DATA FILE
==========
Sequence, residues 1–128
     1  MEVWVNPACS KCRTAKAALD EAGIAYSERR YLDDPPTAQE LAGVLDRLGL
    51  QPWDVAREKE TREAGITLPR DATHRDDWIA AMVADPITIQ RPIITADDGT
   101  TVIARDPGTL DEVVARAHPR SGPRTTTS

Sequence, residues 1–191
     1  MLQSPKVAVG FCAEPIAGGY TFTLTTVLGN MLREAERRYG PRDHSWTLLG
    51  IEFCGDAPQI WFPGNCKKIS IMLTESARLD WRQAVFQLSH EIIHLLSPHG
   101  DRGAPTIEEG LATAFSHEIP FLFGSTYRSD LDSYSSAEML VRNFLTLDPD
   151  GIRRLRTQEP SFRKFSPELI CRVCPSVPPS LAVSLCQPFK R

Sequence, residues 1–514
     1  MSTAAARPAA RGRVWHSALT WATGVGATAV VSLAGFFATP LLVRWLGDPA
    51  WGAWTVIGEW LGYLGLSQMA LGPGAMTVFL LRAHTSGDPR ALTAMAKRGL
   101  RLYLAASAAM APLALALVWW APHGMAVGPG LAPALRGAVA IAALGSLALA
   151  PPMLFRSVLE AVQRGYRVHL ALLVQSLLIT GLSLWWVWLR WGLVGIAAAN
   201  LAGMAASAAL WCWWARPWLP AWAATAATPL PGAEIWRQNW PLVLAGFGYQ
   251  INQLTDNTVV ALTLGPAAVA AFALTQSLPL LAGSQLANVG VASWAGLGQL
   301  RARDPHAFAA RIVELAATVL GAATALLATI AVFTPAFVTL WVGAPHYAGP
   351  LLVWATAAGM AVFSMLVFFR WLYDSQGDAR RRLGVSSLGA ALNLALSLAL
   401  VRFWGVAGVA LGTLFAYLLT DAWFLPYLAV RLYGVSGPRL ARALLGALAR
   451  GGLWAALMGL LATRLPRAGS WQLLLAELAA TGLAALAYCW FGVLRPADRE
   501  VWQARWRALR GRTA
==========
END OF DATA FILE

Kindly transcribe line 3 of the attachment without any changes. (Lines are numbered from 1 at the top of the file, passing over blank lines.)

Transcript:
    51  QPWDVAREKE TREAGITLPR DATHRDDWIA AMVADPITIQ RPIITADDGT